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Author of the critically acclaimed short story collection Half in Love, Maile Meloy now tries her hand at writing a complex multi-generational novel. Liars and Saints has the lively feel of a Catholic soap opera in fast-forward, following the Santerre family through four generations of tangled secrets and deceptions.
Yvette Santerre, the family's matriarch, keeps many truths hidden from her family with the best intentions, starting, most notably, by claiming her teenage daughter's son Jamie as her own child. Even Teddy, Yvette's husband, is kept in the dark, as the oldest daughter Margot goes to France for a yearostensibly, to study abroadwhile Yvette goes to a convent "to rest" during the course of her supposed pregnancy. But as Jamie grows older, Teddy struggles to connect with his unplanned "son"; Margot marries and tries, unsuccessfully, to have another child; and Jamie's other "sister," Clarissa, suffers from a decaying marriage. As Yvette's children and grandchildren mature, and a shocking relationship develops, the family must begin to unravel its own chain of lies.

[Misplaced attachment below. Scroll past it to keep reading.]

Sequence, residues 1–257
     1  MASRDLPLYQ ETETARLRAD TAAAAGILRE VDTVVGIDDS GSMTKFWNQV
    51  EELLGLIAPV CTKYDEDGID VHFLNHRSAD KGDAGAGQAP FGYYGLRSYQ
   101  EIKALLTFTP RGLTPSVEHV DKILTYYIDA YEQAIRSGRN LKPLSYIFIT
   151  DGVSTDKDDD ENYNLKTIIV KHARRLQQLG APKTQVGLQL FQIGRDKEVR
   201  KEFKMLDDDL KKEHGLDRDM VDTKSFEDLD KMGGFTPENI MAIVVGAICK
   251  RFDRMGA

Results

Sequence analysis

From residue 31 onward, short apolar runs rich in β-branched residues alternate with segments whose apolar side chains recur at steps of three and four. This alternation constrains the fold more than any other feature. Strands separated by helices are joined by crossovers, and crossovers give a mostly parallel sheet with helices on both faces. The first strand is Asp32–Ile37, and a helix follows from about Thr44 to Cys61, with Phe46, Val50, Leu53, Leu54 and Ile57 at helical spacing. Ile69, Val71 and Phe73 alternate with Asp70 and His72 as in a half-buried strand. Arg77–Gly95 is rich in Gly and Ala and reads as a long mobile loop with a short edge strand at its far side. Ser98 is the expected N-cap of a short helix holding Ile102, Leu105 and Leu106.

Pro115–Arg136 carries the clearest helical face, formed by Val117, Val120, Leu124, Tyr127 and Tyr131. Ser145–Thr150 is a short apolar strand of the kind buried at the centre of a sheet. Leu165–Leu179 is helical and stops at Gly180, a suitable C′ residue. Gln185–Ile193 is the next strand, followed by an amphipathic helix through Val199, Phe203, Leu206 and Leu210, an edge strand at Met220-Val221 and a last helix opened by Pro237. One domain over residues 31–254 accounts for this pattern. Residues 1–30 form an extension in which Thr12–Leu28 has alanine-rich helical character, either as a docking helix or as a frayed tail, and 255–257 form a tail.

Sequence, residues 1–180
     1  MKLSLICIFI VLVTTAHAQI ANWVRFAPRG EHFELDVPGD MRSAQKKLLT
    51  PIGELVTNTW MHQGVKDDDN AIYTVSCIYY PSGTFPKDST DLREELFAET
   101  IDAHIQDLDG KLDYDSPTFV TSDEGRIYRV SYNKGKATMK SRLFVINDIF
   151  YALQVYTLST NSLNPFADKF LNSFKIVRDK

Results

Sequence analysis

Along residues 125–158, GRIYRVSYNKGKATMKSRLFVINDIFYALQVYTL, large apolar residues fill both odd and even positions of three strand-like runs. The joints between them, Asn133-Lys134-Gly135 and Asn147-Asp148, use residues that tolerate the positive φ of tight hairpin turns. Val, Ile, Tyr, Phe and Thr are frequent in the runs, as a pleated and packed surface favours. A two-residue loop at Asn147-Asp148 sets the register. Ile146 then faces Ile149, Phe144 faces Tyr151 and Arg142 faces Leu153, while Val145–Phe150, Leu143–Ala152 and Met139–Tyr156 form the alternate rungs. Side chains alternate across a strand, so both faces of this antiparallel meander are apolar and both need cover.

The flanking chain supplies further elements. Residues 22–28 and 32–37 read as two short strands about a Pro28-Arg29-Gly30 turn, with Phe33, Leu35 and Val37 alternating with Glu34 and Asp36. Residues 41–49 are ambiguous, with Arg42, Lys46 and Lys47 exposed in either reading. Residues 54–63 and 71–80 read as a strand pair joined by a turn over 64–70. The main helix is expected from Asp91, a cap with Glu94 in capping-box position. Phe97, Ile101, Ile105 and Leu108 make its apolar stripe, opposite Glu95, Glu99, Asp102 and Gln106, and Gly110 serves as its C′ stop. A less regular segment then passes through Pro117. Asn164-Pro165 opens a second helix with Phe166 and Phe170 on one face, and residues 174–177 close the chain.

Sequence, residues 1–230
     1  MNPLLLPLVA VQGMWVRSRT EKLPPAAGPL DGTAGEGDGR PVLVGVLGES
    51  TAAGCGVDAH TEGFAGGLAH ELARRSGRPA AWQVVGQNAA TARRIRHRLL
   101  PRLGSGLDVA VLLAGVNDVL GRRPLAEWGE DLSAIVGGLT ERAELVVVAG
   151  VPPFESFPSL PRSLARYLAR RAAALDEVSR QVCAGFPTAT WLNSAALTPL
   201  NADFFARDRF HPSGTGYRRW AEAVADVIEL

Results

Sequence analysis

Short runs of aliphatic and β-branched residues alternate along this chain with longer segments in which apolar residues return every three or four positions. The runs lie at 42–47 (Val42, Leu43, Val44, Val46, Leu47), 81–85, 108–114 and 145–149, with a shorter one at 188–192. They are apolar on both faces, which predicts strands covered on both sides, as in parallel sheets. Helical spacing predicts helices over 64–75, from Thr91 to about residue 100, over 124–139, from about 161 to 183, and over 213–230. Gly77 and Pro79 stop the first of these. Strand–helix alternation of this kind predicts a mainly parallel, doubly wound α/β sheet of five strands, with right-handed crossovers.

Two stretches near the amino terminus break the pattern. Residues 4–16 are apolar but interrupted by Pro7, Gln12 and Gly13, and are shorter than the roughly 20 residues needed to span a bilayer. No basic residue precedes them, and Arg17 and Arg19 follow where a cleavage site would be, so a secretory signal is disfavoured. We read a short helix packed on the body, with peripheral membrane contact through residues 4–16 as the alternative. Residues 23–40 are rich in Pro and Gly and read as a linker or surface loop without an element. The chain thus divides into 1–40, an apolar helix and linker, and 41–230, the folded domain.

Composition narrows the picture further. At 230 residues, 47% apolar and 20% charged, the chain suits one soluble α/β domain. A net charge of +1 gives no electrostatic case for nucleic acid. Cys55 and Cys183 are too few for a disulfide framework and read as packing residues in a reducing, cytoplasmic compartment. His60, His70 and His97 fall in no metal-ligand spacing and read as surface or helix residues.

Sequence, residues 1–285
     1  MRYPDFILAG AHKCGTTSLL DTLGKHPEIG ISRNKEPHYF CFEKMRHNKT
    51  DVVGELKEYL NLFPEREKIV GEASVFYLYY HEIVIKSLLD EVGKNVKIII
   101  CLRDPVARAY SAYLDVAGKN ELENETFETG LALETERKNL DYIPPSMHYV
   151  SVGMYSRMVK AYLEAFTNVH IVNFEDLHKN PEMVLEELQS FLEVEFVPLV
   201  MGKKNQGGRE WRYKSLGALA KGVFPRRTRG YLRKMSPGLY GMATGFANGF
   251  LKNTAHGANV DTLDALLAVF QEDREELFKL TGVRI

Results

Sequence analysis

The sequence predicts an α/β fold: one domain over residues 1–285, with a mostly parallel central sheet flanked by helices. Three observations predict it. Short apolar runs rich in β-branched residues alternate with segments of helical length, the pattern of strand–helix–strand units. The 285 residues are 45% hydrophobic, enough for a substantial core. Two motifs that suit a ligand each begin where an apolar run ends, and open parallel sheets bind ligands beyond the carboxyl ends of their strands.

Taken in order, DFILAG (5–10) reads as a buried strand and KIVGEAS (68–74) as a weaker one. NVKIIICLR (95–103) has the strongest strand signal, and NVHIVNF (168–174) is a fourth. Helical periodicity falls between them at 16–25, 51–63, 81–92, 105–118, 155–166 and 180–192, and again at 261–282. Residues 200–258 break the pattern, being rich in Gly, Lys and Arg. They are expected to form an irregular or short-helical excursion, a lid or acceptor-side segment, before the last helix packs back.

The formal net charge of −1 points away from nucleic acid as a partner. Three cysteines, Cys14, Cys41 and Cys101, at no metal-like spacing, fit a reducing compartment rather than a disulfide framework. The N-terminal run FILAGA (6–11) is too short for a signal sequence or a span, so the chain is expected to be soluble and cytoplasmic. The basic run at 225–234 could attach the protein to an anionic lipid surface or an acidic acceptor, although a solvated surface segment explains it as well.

Rather than having the narrative follow a linear chronology, Meloy jumps in time, with each chapter focusing on the perspective of a different character. This shifting viewpoint makes it difficult for readers to invest much in any one of the charactersparticularly given the fact that the novel covers more than 50 years in the life of this family over the course of a mere 272 pages. At the same time, this quality, along with the high drama that builds and unfolds, makes Liars and SaintsMeloy's writing is smooth and often vivid, and she manages to surprise readers, and thus avoid predictability, with an ever-spiraling tale of tragedy, faith and the intersection between the two.
Jenn McKee is a writer in Berkley, Michigan.